Dann Paquette, the co-founder of Boston’s Pretty Things Beer & Ale Project took to Twitter at the wee hours of the morning on October 14 to complain about what he, and many other brewers, call pay-to-play — under-the-table transactions in which brewers or wholesalers offer cash and incentives to retailers and bar owners in exchange for guaranteed placement. In his flurry of tweets, Paquette singled out a pair of craft-savvy, on-premise retail locations owned and operated the Wilcox Hospitality Group.
One month later, the Massachusetts Alcoholic Beverages Control Commission launched a formal investigation into pay-to-play practices, sending subpoenas to a number of brewers, distributors and retailers throughout the Commonwealth.
5.) Stone Plans to Spend $100 Million on 2 New Breweries
If there was one craft brewery that had people talking — and writing — about it in 2014, it was San Diego’s Stone Brewing. In March, the country’s 10th largest craft brewery issued a request for proposal, and detailed plans to begin building an east coast brewing location.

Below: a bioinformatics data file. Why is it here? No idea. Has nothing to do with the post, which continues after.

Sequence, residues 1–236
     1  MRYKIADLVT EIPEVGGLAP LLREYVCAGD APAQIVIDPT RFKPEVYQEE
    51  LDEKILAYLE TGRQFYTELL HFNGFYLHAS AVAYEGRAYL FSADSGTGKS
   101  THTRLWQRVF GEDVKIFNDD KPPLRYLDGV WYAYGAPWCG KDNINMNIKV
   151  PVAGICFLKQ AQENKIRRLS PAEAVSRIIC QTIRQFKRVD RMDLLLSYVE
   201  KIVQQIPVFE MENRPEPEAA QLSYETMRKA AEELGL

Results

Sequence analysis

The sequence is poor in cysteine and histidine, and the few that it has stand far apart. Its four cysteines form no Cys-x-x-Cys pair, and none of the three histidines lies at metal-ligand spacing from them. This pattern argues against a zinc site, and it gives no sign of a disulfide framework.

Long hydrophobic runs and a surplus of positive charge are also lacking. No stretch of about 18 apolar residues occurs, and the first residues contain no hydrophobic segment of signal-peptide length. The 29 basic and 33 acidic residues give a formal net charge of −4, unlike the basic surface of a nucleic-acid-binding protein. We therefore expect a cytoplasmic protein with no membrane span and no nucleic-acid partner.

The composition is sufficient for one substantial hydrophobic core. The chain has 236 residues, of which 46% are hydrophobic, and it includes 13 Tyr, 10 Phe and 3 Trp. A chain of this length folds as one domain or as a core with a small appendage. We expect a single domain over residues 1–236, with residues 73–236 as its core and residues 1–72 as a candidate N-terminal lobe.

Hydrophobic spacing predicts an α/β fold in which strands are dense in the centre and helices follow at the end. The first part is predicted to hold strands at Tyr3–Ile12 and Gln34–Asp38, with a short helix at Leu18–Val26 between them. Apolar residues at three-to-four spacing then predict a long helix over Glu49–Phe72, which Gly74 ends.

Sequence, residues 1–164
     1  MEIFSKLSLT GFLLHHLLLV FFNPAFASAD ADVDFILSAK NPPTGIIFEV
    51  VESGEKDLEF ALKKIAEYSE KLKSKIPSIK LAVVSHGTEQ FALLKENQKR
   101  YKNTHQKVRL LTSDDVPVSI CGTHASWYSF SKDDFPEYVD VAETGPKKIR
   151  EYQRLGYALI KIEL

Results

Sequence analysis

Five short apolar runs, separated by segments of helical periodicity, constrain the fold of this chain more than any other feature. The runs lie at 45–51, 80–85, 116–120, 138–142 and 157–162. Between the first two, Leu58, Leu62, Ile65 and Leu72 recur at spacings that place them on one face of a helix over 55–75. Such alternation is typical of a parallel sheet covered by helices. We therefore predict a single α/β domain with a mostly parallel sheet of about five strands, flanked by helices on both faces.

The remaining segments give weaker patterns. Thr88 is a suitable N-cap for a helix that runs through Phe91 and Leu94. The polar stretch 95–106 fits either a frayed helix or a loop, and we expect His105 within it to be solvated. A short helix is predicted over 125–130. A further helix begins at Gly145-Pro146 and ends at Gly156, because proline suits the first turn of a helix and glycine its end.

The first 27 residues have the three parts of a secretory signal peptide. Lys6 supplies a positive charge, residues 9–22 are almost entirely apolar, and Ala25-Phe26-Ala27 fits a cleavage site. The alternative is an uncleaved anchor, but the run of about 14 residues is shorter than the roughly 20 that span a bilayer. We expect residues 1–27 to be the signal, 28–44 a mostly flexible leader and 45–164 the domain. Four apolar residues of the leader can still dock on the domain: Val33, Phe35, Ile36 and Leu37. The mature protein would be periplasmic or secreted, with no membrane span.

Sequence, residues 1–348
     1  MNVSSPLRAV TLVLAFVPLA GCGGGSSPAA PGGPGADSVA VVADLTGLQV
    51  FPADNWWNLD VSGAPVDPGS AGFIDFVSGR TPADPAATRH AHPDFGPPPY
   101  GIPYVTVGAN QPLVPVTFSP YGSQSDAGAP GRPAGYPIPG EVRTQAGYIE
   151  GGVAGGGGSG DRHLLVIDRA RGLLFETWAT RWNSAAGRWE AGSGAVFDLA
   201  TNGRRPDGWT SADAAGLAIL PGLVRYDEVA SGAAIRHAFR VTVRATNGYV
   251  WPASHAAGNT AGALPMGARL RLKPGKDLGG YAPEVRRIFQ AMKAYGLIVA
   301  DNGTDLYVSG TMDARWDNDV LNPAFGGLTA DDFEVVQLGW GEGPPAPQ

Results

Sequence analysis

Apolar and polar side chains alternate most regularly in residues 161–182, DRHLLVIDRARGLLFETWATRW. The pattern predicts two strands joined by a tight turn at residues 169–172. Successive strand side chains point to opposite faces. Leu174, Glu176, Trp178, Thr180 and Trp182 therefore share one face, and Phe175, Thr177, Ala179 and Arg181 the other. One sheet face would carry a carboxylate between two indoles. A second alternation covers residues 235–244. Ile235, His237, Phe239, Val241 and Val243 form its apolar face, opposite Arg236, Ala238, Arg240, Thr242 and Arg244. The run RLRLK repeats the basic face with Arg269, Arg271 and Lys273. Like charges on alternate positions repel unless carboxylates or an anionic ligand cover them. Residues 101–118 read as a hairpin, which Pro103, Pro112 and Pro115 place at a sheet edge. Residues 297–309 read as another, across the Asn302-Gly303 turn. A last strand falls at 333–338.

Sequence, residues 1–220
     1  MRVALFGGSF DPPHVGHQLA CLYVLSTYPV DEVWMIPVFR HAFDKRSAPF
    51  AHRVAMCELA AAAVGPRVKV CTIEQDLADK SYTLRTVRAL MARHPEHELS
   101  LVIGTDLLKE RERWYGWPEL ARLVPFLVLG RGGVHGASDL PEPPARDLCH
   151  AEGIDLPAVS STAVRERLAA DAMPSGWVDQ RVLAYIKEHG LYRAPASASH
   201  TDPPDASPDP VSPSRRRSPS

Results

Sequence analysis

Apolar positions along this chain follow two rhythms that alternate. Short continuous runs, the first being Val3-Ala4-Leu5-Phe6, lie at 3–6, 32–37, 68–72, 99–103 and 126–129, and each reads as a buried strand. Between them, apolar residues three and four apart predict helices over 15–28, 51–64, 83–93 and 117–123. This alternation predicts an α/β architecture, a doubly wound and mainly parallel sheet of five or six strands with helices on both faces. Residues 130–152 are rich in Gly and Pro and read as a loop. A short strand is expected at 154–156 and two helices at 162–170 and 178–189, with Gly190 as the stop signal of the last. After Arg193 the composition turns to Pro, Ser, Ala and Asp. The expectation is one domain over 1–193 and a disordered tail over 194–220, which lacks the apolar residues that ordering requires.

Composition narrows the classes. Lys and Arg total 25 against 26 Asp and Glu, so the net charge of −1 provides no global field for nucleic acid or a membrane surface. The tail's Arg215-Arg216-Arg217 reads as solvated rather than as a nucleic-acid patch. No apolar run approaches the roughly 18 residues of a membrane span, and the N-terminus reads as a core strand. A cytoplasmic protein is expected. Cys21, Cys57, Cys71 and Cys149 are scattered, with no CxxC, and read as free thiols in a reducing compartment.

Fast-forward to July, when the company surprised many by announcing plans to construct a $25 million brewery in Berlin. At the same time, the company also launched a crowdfunding campaign, initially intended to help finance its various brewery expansion projects. Although many were appalled that profitable craft brewery would ask its fans for a handout, Stone successfully raised $2.5 million, more than doubling its initial stated goal.
4.) Craft Brew Alliance CEO Questions Revised Craft Brewer Definition
The first quarter had yet to close before Andy Thomas, the CEO of Craft Brew Alliance, snagged two big headlines in 2014. In January, the he newly-minted CEO of CBA used the annual Beer Business Daily “Beer Summit” as a platform to fire specific and cutting remarks at the BA.